Doki Doki Universe: Teaching Me About Me.

Doki Doki Universe is a really interesting game. I’m not here to review it, or talk about whether it is worth your money. I’m here to talk about what it did for me. I don’t know if it was SUPPOSED to do this, but I suspect it was all along. See, I’m not even convinced this is truly a game meant to entertain. Don’t get me wrong, it’s a fun little game and I feel I got my 15 bucks worth. But upon completion, I didn’t feel like I finished a game. I felt like I finished a cleverly disguised psych evaluation.

Let me explain the game before I get into my experience. The premise is that a robot (QT3) is deemed too inhumane to exist. The factory that created him decides that unless he can prove he understands humanity, his entire model line will be discontinued. In other words, good night forever. Your task is to visit different planets, and learn what you can about humans through interaction. This is achieved by pretty much fixing everyone else’s problems. It works ok as a game, even though it’s very simplistic. But as a teaching tool it’s pretty clever. You could teach a child a lot about how people work just by letting them play this game. This part of the game isn’t the focus of the post though. Oh no my friends. It’s the other aspect. The personality tests.

The game is designed in a way that makes you feel as if QT3 is just an extension of yourself. You answer questions and approach situations as you would in real life. So these personality tests are the game’s way of showing you exactly what kind of person you really are. I was skeptical when I started the game, but by the end I was truly amazed at just how much the game actually knew about my personality. The in game doctor will evaluate you after every 6 or so personality tests you take. Each time he will reveal something new he learned about you. His final assessment of me wasn’t perfect, but it was REALLY close. And the fact that the questions aren’t straightforward at all made it even more impressive. I mean, look at this question.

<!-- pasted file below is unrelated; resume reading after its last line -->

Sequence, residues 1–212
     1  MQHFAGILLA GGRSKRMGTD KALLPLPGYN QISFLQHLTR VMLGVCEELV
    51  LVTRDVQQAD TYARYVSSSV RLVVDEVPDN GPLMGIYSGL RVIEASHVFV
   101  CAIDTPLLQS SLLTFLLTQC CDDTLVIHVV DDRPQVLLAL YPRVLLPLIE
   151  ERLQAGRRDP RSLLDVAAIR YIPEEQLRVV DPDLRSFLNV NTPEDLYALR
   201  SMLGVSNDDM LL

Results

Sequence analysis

What the hell can you learn from questions like these? A lot about a person apparently. Disguising the questions like this takes away the player’s capability to lie in order to achieve a desired result. Maybe the personality tests job applications require should take notes.

I enjoyed my time with Doki Doki. It allowed me to relax and do a little soul searching in a fun and unique way. If this sounds like something you might enjoy as an adult, or if you have a child who might enjoy playing through, I recommend it. In a child’s case, it may give you some insight into how your kid’s brain works. What they like, how they feel, things like that. Anyway, I just wanted to share my experience. I’ll post pics of my final assessment for you guys to see on the twitter feed. @Ourcadegames is the handle for those who didn’t know. Ok everyone, see you next time!

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